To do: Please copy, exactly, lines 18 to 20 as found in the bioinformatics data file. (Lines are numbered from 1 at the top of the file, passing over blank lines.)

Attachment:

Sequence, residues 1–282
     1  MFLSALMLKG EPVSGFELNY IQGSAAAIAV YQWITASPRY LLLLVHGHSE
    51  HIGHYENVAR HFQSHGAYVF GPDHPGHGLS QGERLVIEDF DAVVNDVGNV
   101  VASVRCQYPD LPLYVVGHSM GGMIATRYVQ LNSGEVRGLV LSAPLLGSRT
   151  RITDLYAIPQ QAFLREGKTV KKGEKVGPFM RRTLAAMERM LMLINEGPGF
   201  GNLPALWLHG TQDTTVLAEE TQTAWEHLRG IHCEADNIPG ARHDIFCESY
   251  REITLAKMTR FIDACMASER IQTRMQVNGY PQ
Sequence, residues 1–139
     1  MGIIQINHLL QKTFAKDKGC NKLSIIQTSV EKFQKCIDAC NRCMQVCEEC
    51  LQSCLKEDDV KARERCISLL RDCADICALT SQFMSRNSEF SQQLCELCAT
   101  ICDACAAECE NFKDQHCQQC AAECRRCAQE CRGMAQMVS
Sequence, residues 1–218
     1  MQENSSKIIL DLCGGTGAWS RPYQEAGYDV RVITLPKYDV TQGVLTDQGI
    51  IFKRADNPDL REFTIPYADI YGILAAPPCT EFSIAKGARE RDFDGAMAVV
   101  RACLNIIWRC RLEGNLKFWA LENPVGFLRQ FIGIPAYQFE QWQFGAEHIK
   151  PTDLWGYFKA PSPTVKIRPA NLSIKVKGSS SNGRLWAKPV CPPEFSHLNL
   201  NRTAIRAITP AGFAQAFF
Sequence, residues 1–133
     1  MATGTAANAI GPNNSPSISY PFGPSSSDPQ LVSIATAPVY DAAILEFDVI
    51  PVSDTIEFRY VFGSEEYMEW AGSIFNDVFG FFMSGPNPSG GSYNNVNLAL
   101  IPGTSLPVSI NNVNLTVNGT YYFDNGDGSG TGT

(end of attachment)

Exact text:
Sequence, residues 1–133
     1  MATGTAANAI GPNNSPSISY PFGPSSSDPQ LVSIATAPVY DAAILEFDVI
    51  PVSDTIEFRY VFGSEEYMEW AGSIFNDVFG FFMSGPNPSG GSYNNVNLAL